In the Union Budget 2018, the government had introduced the flat tax of 10% on long term capital gains on equities. This was applicable to equities and equity mutual funds for the equity trading in India.There were two apparent disadvantages in this move. Firstly, while STT was introduced in lieu of LTCG tax, the STT was not scrapped or reduced when the LTCG tax was reintroduced. Secondly, the rate of tax at 10% above Rs.1 lakh per year is a flat tax. That means the benefit of indexation is not available on these capital gains. That can become a big burden when you sell equities after a long time and the chunk of your proceeds are represented by LTCG rather than principal. What will the government do in this budget. There are 4 possibilities as we see:
Union budget may choose to scrap STT and continue with LTCG tax
As we see, the securities transaction tax (STT) has stood the test of time. Over the last 15 years since it was introduced, it has consistently generated close to $1 billion each year. It also has a larger administrative purpose as it is charged on turnover and is easy to monitor. Unlike the LTCG tax, which is hard to verify due to the loss write offs and carry-forwards, STT is largely straight forward. A lot would depend on the total revenues from LTCG tax this year, although the figure could be quite low considering the volatile markets during the year. The experience in the past has been that LTCG tax has been very hard to verify and plug and a mathematical calculation never really works. An STT scrapping looks quite unlikely at this point of time; in a year when revenues are already stretched.
Union budget may scrap LTCG tax altogether and continue with STT
While we see the STT continuing considering the revenue considerations, we do not foresee the LTCG tax being scrapped fully. Even if the revenues are low this year, the government does not lose anything by letting the LTCG tax continue. The same arguments of volume compression were made when the 15% tax on STCG was introduced on equities. However, that has hardly impacted the robustness of the markets. Also, the government may look too fickle-minded if it keeps changing its ideas in just one year. Already, the government has made too many changes in the GST since it was introduced and it would not want to repeat the same with the LTCG tax.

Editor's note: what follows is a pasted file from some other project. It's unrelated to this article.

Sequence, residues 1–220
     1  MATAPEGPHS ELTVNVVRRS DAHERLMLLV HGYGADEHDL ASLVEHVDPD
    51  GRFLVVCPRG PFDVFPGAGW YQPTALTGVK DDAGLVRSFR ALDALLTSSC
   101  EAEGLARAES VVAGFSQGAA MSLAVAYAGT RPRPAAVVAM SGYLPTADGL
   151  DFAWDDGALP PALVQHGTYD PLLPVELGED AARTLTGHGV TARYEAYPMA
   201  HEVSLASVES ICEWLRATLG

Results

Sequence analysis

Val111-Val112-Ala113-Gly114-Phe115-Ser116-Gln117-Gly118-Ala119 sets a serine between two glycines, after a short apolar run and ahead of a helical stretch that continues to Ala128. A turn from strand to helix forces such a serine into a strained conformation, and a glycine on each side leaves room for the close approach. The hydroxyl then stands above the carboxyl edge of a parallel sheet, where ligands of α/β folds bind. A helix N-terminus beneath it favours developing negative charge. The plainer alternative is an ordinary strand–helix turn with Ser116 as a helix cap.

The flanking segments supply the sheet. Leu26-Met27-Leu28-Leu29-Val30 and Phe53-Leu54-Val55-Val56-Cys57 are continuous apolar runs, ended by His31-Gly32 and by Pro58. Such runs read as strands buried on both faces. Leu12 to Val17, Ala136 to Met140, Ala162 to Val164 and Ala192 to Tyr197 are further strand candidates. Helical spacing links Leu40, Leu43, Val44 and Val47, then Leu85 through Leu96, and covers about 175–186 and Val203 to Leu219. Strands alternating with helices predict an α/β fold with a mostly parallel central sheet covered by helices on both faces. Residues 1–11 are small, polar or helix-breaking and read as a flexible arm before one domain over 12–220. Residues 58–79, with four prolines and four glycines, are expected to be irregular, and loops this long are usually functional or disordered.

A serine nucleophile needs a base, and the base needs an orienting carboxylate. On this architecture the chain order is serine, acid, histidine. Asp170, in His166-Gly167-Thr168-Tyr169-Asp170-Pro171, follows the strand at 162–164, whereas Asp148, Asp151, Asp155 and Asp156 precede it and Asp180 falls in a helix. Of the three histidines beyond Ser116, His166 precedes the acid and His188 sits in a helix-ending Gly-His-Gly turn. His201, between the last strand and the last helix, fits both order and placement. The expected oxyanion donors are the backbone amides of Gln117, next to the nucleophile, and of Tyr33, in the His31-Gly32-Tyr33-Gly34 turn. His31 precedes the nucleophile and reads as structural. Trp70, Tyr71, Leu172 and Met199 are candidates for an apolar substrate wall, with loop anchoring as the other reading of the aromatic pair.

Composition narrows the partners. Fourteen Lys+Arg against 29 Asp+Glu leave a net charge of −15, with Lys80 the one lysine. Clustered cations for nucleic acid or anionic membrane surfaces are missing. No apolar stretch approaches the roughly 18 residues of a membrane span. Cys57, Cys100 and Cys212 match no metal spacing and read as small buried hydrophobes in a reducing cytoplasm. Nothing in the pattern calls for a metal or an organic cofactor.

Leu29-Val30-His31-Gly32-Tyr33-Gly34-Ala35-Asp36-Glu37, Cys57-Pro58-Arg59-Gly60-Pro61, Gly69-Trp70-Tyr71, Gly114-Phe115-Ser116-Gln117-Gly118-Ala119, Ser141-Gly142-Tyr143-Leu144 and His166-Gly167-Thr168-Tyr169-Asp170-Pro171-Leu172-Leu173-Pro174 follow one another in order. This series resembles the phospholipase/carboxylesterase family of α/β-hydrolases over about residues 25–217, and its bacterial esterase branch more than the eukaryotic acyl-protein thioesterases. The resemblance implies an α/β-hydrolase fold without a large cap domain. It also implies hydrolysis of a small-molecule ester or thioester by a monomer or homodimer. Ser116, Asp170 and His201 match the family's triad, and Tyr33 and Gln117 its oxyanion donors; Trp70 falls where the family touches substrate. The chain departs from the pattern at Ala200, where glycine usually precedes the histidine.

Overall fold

Budget may reduce the rate of STT to compensate for LTCG tax
If that was the intent, it could have been done last year itself. The government obviously wanted to test waters and take a call after there was clarity on the revenue front. STT has already been substantially lowered from the peak levels of 2004. At the current levels of STT, the government is earning over $1 billion each year and any rate cuts are unlikely in this budget, at least. While the revenue numbers on LTCG tax are not known as of now, it is unlikely to be substantial enough to compensate for STT. STT has been largely rationalized for futures, options and intraday trades to facilitate liquidity.
Budget may reduce LTCG tax rate and permit indexation
We see this as the most likely option. This way, the government does not touch the STT basket and that revenue flow continues as before. The LTCG has two aspects; the impact and the optics. If the LTCG tax is not generating substantial revenues then reducing it to 5% is not going to really harm the government revenues. The other aspect of the capital gains tax is the optics part of it. Let us understand this better. Most financial planners worry that the LTCG tax at 10% can be a huge burden on the retirement corpus or the Child Education corpus. The actual impact on the CAGR yield is going to be just about 0.3% over a long time frame. However, in the interest of optics, the government may choose to extend the benefit of indexation to equity funds but not to equities. This way, the long term plans of the investors will not be affected. The government may either look at a cut in LTCG rate or extending indexation benefit to equity funds. It may also look at both if the revenue implication is not too high.
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